Google has made it very clear over the last couple of months that its Android mobile operating platform is no longer as liberally available to manufacturers as it has been up till now. They have reached out to manufacturers with a message that the company doesn’t want any more tweaks to the operating system or any more partnerships without its explicit consent. Companies looking to access the most up-to-date version of the Android software will now need Google to approve their plans. Google has named Andy Rubin, the head of the Android group, as the person to give these approvals.
About a dozen executives from the top companies which use Android as the operating system for their phones have come out to acknowledge this new development in Google’s plans for the platform. The companies which will be affected include big names such as Toshiba, LG, Samsung and Facebook too. These companies haven’t really met this transformation of Google from when it used to provide the Android software freely to get it started off in the market to this newer, more conservative approach.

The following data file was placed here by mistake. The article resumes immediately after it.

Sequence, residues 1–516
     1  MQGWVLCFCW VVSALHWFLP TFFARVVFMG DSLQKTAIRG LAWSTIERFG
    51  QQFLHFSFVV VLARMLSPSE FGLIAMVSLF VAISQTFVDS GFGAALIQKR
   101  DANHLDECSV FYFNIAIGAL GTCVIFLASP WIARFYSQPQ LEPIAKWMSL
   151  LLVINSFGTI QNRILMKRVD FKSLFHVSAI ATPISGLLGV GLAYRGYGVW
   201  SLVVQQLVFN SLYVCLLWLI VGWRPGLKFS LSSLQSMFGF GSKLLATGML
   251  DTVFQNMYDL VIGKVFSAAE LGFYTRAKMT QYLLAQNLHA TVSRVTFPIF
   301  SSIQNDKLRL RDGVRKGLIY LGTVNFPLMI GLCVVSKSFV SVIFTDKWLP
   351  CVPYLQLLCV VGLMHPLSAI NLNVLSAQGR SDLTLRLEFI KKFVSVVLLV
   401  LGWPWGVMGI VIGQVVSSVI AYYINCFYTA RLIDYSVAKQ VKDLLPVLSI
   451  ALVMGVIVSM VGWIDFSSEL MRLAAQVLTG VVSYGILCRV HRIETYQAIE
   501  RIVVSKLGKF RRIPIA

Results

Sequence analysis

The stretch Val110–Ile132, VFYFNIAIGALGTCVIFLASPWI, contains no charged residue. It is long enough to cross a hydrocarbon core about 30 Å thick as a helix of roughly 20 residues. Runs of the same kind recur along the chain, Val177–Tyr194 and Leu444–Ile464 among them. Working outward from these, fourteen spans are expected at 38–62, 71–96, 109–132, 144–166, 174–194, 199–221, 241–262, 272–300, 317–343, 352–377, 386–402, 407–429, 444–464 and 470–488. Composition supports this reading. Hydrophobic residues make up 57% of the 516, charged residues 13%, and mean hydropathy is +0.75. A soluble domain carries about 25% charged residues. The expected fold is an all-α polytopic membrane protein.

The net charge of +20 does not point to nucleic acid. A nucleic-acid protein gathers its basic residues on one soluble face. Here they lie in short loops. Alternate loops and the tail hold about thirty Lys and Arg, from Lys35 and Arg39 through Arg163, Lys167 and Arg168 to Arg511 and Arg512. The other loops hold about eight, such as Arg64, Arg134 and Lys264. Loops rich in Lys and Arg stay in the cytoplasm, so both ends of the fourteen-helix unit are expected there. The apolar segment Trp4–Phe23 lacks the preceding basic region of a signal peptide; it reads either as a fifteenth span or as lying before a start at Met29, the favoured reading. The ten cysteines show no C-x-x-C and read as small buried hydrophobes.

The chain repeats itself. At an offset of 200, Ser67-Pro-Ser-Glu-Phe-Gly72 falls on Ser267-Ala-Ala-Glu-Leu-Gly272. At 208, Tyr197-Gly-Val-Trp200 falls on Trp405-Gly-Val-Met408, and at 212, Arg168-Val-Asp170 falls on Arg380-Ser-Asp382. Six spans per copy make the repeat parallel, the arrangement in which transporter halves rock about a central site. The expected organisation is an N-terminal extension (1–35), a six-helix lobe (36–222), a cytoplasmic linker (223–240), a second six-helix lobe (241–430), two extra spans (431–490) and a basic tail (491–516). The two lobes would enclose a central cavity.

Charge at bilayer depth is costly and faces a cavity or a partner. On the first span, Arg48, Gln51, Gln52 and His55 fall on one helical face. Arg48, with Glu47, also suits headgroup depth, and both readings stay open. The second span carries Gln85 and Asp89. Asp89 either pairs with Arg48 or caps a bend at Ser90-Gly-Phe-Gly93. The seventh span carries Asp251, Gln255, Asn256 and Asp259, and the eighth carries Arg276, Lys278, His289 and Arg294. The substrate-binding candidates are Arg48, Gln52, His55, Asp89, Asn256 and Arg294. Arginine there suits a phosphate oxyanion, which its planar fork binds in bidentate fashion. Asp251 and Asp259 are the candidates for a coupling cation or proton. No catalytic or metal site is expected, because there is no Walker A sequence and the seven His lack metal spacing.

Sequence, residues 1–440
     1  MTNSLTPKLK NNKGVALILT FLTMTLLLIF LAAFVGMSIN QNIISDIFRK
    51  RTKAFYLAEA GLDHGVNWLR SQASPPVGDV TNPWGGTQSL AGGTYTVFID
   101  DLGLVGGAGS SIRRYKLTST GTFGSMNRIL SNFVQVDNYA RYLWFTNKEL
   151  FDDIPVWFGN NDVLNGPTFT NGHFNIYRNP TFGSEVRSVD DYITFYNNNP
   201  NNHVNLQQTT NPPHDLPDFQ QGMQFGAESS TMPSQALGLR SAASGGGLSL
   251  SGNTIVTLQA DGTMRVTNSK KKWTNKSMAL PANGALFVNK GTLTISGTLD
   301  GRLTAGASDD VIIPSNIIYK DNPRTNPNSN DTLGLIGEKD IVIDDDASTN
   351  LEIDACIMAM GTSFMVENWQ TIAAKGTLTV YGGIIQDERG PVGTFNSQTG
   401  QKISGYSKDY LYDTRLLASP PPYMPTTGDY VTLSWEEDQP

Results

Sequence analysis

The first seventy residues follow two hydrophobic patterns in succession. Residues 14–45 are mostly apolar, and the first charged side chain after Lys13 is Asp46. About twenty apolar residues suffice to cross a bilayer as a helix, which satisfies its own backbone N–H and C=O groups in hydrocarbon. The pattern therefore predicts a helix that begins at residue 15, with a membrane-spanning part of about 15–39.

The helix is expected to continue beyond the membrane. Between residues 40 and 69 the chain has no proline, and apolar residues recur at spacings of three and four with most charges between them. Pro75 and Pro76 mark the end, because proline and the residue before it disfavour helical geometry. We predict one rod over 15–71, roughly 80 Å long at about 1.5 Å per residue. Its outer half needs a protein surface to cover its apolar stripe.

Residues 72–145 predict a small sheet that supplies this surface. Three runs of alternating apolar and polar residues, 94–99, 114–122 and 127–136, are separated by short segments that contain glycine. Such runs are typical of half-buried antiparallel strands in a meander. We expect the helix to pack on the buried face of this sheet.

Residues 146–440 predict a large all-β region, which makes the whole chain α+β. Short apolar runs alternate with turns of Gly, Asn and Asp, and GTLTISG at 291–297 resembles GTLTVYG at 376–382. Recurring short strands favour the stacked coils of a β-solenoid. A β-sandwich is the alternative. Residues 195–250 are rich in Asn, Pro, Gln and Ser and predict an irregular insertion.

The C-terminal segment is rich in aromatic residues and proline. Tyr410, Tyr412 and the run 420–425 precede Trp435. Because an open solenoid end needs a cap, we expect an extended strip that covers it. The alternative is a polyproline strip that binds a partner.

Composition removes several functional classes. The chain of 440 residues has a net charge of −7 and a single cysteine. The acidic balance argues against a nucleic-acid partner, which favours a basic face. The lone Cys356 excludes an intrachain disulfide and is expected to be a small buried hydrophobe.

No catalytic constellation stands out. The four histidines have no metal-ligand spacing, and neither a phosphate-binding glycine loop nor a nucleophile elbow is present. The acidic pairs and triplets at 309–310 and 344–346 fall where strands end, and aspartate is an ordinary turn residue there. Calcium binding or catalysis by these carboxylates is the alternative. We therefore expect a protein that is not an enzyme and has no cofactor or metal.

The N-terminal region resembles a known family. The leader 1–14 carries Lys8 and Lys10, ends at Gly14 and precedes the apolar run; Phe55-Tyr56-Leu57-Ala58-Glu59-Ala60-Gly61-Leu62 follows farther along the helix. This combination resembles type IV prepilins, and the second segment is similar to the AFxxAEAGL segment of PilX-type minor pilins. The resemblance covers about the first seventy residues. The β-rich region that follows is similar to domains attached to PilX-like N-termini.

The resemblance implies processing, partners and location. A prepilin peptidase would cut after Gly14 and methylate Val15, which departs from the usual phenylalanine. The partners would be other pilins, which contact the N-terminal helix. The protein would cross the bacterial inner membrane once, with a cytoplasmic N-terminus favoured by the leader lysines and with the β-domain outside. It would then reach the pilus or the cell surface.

Android was launched by Google in 2008 as an open source mobile platform. This concept caught on very well with phone handset manufacturers as all the hard work of developing the code was done by Google and was made available for free. Device makers and carriers cherished the idea of not having to pay royalties and this contrasted much with what these companies had seen till then with closed platforms such as the iPhone and BlackBerry. All of this has led Android to become the most popular mobile platform beating the likes of Apple’s iOS and RIM’s BlackBerry.